The Transformative Power of Adaptive Sports Programs
For many years, individuals with disabilities have been using sports as a therapeutic tool to overcome serious injury or illness and as a means of recovery. They fight their personal battles on the track, in the pool and on the court to send a very powerful message to themselves, to their families and to the public that serious injury or illness does not have to interrupt the pursuit of a meaningful and productive life.
Recognizing this, the Department of Defense, in coordination with the United States Olympic Committee, created the Warrior Games, an inter-service adaptive sports competition to showcase the resilient spirit of today’s wounded, ill and injured service members. Athletes from all branches of the military compete against each other in a range of adaptive sporting events. Having overcome debilitating injuries and medical conditions, the service members embody the warrior spirit and serve as role models for other survivors worldwide.
The United Kingdom’s Prince Harry founded the Invictus Games after attending the 2013 Warrior Games in Colorado. He saw the impact that sports played in the recovery of service members and was inspired to launch a similar event designed for wounded, ill and injured military members and veterans from around the world that uses sports to promote healing and support rehabilitation.
Warrior Games, Invictus Games: Sports as medicine
Many athletes say that participating in adaptive sports boosts their self-esteem, improves their mental and physical health, and makes them stronger and more resilient, generally. But not until recently have scientists begun to specifically and purposefully measure the effects of adaptive sports programs to determine their role in rehabilitation.
See these resilient competitors in action! Check out featured videos, stories, photo essays and more at the following DoD Special Reports Pages:
A holistic approach to recovery, rehabilitation and community reintegration
Adaptive sports and other reconditioning activities help service members come to terms with traumatic injuries or illness by inspiring them to realize what is still achievable by focusing on ability.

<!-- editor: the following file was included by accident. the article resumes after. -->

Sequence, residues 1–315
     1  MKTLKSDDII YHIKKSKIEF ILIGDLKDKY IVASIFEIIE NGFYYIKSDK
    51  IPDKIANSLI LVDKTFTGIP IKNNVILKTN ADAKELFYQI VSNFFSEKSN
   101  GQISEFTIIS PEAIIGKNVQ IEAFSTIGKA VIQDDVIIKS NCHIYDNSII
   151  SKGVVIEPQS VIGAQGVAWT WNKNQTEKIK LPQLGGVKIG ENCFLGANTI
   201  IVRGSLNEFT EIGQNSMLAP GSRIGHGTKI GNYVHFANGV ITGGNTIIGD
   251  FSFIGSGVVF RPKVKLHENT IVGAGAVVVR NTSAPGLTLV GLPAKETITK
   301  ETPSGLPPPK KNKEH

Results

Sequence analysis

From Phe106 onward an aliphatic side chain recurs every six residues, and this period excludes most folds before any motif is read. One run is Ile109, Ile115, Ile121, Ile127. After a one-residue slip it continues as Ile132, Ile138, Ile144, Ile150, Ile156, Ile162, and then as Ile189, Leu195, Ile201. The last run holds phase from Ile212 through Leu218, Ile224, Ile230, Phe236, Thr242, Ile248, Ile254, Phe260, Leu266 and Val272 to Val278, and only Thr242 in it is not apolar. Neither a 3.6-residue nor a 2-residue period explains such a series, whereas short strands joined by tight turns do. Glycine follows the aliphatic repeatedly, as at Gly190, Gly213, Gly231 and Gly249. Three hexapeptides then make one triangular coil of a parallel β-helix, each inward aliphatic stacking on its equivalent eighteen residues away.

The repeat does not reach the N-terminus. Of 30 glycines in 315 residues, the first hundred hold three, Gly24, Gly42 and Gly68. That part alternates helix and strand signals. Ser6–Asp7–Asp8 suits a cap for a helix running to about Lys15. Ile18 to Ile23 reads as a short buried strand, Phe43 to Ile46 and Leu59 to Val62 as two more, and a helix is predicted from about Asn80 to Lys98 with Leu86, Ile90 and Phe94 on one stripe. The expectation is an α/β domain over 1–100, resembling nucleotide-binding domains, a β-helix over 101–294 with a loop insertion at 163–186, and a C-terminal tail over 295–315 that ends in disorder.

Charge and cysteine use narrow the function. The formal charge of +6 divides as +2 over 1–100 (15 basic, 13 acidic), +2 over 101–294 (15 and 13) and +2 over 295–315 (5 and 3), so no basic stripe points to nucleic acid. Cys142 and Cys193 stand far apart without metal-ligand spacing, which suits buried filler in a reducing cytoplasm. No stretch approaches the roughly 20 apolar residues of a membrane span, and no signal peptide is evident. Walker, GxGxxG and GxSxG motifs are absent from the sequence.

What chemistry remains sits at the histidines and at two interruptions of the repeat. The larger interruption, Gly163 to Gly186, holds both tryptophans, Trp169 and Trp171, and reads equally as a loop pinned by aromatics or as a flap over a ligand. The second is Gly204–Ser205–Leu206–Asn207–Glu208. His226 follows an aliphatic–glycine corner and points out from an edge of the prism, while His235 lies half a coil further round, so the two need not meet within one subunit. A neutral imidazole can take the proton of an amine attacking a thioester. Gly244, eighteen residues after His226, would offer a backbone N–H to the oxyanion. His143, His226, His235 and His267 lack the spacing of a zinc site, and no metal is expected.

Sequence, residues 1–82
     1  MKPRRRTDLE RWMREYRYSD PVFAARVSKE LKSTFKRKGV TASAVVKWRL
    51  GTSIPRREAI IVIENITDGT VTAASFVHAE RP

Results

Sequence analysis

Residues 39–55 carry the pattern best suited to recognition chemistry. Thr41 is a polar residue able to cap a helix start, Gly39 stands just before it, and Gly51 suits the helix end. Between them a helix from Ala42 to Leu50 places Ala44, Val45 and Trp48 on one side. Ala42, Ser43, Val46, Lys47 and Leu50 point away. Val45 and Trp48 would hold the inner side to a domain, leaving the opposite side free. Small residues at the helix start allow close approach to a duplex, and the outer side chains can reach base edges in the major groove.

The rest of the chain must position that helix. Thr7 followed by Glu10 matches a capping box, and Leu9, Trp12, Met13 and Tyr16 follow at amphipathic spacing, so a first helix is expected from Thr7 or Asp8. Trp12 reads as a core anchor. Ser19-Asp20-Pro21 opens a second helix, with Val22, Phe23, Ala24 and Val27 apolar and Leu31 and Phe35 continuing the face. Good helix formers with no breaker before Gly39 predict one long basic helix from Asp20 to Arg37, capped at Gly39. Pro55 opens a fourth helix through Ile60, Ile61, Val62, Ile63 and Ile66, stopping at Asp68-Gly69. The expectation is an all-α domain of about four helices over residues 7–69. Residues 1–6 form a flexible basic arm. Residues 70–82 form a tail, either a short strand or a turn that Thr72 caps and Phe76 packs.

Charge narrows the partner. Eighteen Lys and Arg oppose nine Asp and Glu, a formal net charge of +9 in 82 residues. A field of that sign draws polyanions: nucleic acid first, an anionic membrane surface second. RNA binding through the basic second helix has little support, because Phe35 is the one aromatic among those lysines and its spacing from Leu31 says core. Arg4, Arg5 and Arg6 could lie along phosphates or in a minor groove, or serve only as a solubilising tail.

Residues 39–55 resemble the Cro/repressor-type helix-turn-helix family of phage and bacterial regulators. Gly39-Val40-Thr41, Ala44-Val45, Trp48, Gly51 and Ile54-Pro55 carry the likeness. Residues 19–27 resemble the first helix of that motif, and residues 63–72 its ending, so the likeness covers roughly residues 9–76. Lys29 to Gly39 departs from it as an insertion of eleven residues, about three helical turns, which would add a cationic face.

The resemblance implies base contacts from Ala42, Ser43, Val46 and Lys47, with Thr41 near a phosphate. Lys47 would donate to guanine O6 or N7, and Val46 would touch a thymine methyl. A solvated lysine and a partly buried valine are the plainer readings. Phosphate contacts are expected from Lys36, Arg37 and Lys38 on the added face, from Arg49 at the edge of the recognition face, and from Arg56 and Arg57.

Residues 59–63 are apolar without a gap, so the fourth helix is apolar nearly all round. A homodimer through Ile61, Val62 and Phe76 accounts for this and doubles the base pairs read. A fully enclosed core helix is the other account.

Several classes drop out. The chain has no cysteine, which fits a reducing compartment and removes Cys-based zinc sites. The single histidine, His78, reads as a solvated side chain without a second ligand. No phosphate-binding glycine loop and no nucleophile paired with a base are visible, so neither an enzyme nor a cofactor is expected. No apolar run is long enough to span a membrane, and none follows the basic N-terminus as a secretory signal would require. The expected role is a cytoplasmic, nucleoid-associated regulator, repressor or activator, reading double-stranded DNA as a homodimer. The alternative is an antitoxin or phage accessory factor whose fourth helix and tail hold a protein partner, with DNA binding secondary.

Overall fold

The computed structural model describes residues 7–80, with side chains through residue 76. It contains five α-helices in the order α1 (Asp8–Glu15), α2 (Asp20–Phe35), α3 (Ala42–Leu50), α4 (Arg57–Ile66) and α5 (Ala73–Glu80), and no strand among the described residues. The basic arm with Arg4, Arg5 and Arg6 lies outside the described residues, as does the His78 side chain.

Adaptive sports promotes holistic growth and achievement by addressing several factors, including:
- Being part of a team promotes a sense of belonging and peer support, of knowing you’re not alone in your struggle.
- The opportunity to renew the power of service to country and strong desire to pursue a higher purpose that have always inspired service members in combat and life.
- Competition rekindles the sense of passion and determination of the warrior spirit that is part of a service member’s DNA, the courage to move forward despite barriers and obstacles.
- The chance to be celebrated and recognized, supported by family, friends and people from around the world, boosts self-worth and self-efficacy.
Adaptive sports engages service members and veterans mentally, emotionally, spiritually, physically and socially – finding hope and strength through their common experiences.
According to the Department of Defense’s Office of Warrior Care, the benefits of physical activity for ill and injured service members also include reduced stress, increased quality of life, lower blood pressure, weight management and enhancement of the rehabilitative process.
Finding an adaptive sports program
The Office of Warrior Care oversees the Military Adaptive Sports Program, which provides reconditioning activities and competitive athletic opportunities to all wounded, ill and injured service members. The program empowers wounded, ill and injured service members through physical and mental activities that engage, stimulate and inspire recovery.
Learn more about the military services’ wounded, ill and inured programs:
- U.S. Army Warrior Care and Transition Program
- U.S. Marine Corps Wounded Warrior Regiment
- U.S. Navy Wounded Warrior – Safe Harbor
- U.S. Air Force Wounded Warrior Program
- U.S. Special Operations Command Warrior Care Program (Care Coalition)
In addition, the Department of Veterans Affairs Office of National Veterans Sports Programs & Special Events co-sponsors adaptive sports clinics and competitive events for disabled veterans of all ages and abilities. This includes the Grants for Adaptive Sports Programs, which provides grant funding to organizations to increase and expand the quantity and quality of community-based adaptive sports activities for veterans with disabilities and members of the armed forces. To find out more, visit www.va.gov/adaptivesports/.